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2006, Vol.19, No.1

  • 1.

    Knowledge Development of Korean Children about Psychological, Physical and Biological Phenomena

    김경아 | Hyeonjin Lee | kim, Young-Suk | 2006, 19(1) | pp.1~27 | number of Cited : 8
    Abstract PDF
    The present study examined children's understanding about psychological, physical and biological phenomena. Children aged 3, 4, 5, 7, 9, and 11(16 at each age) participated. They were given s series of questions, which measured children's understanding of psychological knowledge(intension, belief, false-belief, trait), physical knoweldge(solidity, falling1(garvity), falling2(garvity+weight+air resistance buoyancy), and biological knowledge(energe exhaustion, growth, heredity, infection) and examined how they have changed with increasing age. The results showed that the psychological domain was indepentent from 3 year of age and childres's psychological knowledge existed as a form of naive theory in terms of their use as a causal devise in explaining the cause of psychological phenomena. However, in the physical domain, the knowledge system has changed after 9 years of age respectively and older children employed causal mechanism more frequently and relied less on the perceptual properties. In the biological domain, it changed dramatically from 3 to 5 years of age. In the energy exhaustion task, a few children used a psychological causal devise in explaining the cause of biological phenomena. The findings of the present study suggests that children's knowledge about psychological, psysocal and biological phenomena develop specifically each domain with increasing age.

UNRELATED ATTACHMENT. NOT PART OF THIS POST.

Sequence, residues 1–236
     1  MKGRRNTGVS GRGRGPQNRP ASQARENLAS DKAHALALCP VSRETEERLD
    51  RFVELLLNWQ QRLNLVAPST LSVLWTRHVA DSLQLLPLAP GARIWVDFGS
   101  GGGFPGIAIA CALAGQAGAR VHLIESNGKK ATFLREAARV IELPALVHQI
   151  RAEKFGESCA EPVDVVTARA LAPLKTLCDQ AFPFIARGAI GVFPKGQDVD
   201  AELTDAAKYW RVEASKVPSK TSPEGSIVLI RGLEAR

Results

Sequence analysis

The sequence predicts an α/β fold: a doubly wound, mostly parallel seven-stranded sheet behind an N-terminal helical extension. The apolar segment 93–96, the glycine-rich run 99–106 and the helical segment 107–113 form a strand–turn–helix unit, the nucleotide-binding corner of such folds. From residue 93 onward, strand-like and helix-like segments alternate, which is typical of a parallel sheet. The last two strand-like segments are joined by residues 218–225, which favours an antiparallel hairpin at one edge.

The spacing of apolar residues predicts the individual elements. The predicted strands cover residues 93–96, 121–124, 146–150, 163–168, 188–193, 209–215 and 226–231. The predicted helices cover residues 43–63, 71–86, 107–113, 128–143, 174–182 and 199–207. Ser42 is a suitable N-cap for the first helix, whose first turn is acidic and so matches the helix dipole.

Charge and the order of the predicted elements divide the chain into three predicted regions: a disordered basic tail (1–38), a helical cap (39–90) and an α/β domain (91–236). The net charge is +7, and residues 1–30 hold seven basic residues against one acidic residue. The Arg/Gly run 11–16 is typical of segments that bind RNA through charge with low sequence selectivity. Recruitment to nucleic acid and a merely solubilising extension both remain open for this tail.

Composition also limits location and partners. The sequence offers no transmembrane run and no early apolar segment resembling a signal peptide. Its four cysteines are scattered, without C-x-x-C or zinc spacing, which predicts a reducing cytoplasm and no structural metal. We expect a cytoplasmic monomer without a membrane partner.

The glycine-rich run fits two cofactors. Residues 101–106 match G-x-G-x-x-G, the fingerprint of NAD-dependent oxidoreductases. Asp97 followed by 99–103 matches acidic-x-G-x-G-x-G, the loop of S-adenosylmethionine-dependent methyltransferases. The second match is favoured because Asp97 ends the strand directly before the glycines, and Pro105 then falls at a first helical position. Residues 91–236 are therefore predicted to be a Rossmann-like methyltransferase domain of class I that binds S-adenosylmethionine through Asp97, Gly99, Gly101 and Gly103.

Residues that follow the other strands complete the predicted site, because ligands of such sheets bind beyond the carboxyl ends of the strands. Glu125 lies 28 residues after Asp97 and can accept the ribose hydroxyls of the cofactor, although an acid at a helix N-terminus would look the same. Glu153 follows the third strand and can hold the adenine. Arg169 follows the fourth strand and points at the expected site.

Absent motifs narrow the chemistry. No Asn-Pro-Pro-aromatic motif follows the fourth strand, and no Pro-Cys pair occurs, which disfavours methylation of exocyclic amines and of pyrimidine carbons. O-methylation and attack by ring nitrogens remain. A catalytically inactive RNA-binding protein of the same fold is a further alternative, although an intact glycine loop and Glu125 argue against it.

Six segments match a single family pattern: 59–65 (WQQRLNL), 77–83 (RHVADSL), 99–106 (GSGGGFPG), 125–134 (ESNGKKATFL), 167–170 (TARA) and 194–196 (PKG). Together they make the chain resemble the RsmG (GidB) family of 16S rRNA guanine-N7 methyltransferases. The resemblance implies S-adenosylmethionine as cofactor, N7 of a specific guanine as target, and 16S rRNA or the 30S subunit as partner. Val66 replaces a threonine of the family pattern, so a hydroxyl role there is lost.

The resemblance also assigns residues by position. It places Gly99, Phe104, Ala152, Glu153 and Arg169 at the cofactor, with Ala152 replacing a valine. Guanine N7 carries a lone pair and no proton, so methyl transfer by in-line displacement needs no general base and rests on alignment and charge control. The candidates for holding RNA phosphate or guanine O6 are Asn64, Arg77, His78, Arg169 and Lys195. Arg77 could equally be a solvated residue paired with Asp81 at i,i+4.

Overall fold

• 2.

    Moral Emotion in Juvenile Delinquents and Non-delinquents: Toward the Consideration of Positive Moral Emotion

    Kim,Kyung-Hee | 2006, 19(1) | pp.29~46 | number of Cited : 2
    Abstract
    The primary purpose of this study was to investigate the fundamental characteristical of moral emotion for the consideration of its positive implications. An open-ended questionnaire with three stories and parental control techniques was administered to 130 juvenile delinquents and 128 non-delinquents. The obtained data were analyzed through content analysis, and chi-squares were applied to examine the differences between the two groups. Results showed that significant differences between delinquent and non-delinquent juveniles were partly identified. Results also raised quesyions regarding the issues which power-assertive discipline and induction amog parental control techiniques would be associated with not only juvenile's internalizing moral emotion, values, but also with deliquency. It was confirmed that moral emotion would be an emotional paradigm with positive fundamental characteristic such as trust, respect and love. Implications and issue of further research were dicussed.
  • 3.

    Development of the Appearance-Reality Distinction:Appearance-Reality Distinctions of the physical, biological and psychological domains

    Ghim Hei-Rhee | 2006, 19(1) | pp.47~67 | number of Cited : 4
    Abstract PDF